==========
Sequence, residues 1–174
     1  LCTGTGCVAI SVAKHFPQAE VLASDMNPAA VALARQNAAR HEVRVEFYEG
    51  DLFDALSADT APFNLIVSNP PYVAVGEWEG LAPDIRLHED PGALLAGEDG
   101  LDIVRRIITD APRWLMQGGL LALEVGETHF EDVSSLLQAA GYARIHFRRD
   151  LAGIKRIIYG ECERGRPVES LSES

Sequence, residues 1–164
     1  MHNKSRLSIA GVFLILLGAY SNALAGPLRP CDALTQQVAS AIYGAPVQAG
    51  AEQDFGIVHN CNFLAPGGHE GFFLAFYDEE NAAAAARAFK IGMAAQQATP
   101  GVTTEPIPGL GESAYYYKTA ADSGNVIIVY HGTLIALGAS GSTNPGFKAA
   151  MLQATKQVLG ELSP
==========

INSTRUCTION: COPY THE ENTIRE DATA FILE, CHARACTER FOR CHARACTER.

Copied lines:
Sequence, residues 1–174
     1  LCTGTGCVAI SVAKHFPQAE VLASDMNPAA VALARQNAAR HEVRVEFYEG
    51  DLFDALSADT APFNLIVSNP PYVAVGEWEG LAPDIRLHED PGALLAGEDG
   101  LDIVRRIITD APRWLMQGGL LALEVGETHF EDVSSLLQAA GYARIHFRRD
   151  LAGIKRIIYG ECERGRPVES LSES

Sequence, residues 1–164
     1  MHNKSRLSIA GVFLILLGAY SNALAGPLRP CDALTQQVAS AIYGAPVQAG
    51  AEQDFGIVHN CNFLAPGGHE GFFLAFYDEE NAAAAARAFK IGMAAQQATP
   101  GVTTEPIPGL GESAYYYKTA ADSGNVIIVY HGTLIALGAS GSTNPGFKAA
   151  MLQATKQVLG ELSP